- The Washington Times - Tuesday, February 3, 2015

Saying dozens of veterans commit suicide each day, senators on Tuesday passed a bill to improve mental health care at the VA, sending the measure on to the president for his promised signature.

The bill, named the Clay Hunt Suicide Prevention for American Veterans Act after a former Marine sniper who committed suicide after struggling to get care at the VA, has been a priority for veterans organizations and enjoyed universal support, passing 99-0.

“This bill is a first step — a significant first step — but only a first step for meeting the mental health needs that will enable [veterans] to overcome those inner demons that all too often overcome them,” said Sen. Richard Blumenthal, Connecticut Democrat and a sponsor of the bill.

The bill unanimously passed the House earlier this year, so Senate approval means it heads straight to Mr. Obama.

The measure will require annual third-party reviews of mental health services offered by the VA, provide loan repayment benefits to help recruit and retain mental health professionals and create a pilot program in which other veterans will help transitioning troops navigate the VA system.

The bill will also extend combat eligibility for one year to give veterans more time to access VA mental health care and require the VA to create a consolidated website so vets can access all information on mental health care in one place.

Paul Rieckhoff, founder of Iraq and Afghanistan Veterans of America, called on the president to sign the bill into law in a public ceremony to demonstrate his commitment to veterans.

“For too long the crisis of veteran suicide has been hidden in the shadows. This bill gives many veterans the new hope they so desperately need and demonstrates that our leaders are willing to give veterans the care they deserve,” Mr. Rieckhoff said.

White House press secretary Josh Earnest said Mr. Obama strongly supports the legislation and will sign it into law.

John Stroud, national commander of Veterans of Foreign Wars, emphasized that there is more to be done to improve mental health care for veterans, including a review of other-than-honorable discharges for those that may have been related to undiagnosed post-traumatic stress disorder.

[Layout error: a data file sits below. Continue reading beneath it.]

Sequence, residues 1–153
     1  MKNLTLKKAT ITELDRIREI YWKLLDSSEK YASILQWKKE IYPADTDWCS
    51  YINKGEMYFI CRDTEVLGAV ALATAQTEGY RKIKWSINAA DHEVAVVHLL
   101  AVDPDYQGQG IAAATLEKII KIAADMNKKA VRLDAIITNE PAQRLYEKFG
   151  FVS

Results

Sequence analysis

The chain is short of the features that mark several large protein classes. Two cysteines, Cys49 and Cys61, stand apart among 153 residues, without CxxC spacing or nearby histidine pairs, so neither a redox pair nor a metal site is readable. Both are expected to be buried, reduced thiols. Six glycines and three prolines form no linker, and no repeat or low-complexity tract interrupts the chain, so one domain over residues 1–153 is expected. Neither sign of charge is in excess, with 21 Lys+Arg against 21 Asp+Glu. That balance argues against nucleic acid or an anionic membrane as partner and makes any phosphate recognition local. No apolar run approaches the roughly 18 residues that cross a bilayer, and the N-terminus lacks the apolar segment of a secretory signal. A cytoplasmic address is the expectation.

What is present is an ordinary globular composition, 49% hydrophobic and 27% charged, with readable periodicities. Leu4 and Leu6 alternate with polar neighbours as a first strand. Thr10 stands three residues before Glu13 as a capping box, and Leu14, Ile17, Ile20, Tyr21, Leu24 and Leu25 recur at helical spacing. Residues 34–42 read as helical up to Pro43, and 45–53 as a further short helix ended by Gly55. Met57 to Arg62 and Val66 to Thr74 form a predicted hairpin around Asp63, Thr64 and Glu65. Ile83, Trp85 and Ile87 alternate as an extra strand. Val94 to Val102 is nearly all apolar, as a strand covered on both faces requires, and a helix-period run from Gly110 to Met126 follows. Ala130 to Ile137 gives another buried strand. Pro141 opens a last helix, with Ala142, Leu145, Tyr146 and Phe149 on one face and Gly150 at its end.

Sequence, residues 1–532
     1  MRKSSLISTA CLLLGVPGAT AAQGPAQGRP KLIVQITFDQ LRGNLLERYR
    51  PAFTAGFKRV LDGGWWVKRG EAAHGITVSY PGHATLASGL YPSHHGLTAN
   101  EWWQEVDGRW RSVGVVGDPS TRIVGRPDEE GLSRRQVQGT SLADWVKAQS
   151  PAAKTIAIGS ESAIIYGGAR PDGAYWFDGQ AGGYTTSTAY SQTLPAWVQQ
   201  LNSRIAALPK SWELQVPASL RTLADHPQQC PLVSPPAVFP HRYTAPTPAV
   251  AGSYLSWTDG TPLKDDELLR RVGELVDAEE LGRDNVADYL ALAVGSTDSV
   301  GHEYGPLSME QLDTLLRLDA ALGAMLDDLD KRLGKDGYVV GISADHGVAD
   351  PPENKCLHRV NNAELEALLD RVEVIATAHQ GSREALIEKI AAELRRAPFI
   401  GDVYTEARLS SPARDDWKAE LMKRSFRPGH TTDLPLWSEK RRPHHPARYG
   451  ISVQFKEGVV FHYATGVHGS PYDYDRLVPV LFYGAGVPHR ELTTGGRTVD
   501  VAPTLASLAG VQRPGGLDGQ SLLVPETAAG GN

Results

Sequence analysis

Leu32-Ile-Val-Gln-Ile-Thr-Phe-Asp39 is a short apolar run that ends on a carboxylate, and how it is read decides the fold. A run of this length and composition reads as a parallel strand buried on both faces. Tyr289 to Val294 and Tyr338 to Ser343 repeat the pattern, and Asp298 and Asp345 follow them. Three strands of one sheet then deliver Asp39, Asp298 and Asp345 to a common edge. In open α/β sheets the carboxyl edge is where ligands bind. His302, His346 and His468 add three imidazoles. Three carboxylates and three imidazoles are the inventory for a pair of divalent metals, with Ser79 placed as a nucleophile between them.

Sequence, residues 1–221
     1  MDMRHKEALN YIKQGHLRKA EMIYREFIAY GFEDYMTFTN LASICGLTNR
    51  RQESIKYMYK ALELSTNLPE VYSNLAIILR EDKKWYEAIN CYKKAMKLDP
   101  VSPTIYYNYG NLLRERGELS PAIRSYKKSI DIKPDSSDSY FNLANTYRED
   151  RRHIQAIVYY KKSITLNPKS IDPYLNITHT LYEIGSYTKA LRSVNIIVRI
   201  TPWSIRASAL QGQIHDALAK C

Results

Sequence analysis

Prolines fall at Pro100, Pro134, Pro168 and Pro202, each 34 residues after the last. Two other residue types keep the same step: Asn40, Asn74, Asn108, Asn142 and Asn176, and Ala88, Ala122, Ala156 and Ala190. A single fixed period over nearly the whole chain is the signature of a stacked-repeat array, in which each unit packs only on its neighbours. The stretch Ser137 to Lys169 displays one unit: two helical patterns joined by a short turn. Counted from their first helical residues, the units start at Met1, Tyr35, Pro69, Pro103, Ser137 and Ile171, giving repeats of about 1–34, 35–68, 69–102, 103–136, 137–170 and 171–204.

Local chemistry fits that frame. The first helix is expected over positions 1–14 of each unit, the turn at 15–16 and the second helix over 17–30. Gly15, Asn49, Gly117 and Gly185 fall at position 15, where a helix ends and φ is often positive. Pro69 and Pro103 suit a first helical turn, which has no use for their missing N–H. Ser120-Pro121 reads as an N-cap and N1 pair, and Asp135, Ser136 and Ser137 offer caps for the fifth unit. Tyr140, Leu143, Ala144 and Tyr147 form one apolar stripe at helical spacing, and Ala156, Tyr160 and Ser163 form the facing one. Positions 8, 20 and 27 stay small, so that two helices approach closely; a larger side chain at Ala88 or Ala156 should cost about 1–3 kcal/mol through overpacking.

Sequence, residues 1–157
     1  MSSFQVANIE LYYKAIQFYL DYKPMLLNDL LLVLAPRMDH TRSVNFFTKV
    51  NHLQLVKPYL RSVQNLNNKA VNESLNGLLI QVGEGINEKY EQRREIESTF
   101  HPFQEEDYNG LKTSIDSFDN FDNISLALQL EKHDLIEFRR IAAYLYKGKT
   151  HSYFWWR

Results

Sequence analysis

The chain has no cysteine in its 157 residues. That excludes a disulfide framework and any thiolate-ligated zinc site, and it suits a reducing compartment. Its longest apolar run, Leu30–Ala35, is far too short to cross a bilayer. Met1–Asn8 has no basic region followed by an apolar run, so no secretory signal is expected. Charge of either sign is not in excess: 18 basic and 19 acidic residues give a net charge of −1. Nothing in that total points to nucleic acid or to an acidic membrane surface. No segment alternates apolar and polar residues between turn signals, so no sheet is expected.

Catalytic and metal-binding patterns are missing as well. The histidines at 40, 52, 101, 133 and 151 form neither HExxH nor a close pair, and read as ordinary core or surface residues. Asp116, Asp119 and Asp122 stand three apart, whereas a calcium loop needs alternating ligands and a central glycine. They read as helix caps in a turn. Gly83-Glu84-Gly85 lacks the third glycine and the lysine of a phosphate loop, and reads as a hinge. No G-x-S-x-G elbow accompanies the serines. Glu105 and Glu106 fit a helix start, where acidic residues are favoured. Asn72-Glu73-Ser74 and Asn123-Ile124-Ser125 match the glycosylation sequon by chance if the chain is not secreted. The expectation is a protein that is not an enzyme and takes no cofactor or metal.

Rep. Timothy J. Walz, a Minnesota Democrat who introduced the bill in the House, also said he would continue to work on more broad legislation to improve mental health care for veterans.

“We may never completely end this terrible epidemic that is plaguing our country, but if we can save one parent from having to bury their child, one son from losing his mother or one sister from losing her brother, it’s worth trying with all our might,” he said.

Supporters had hoped to clear the bill late last year, but then-Sen. Tom Coburn, Oklahoma Republican, blocked a vote, saying the $24 million proposal mostly duplicated existing programs and was a chance for Congress to pass feel-good legislation, not to solve the issue.

Mr. Coburn retired at the end of last year, and his former colleagues moved quickly in his absence to bring the bill back for a vote.

Hunt’s mother, Susan Selke, has been lobbying on Capitol Hill to get the bill passed and says her son’s former unit has now lost as many Marines to suicide after returning from the war as it did in combat in Iraq.

Richard and I are so thankful for the amount of support we have received since we began our journey advocating on behalf of veterans like Clay,” Mrs. Selke said. “Unfortunately, there are many Clays out there who are struggling to get access to the mental health care they so desperately need.”

⦁ Dave Boyer contributed to this report.



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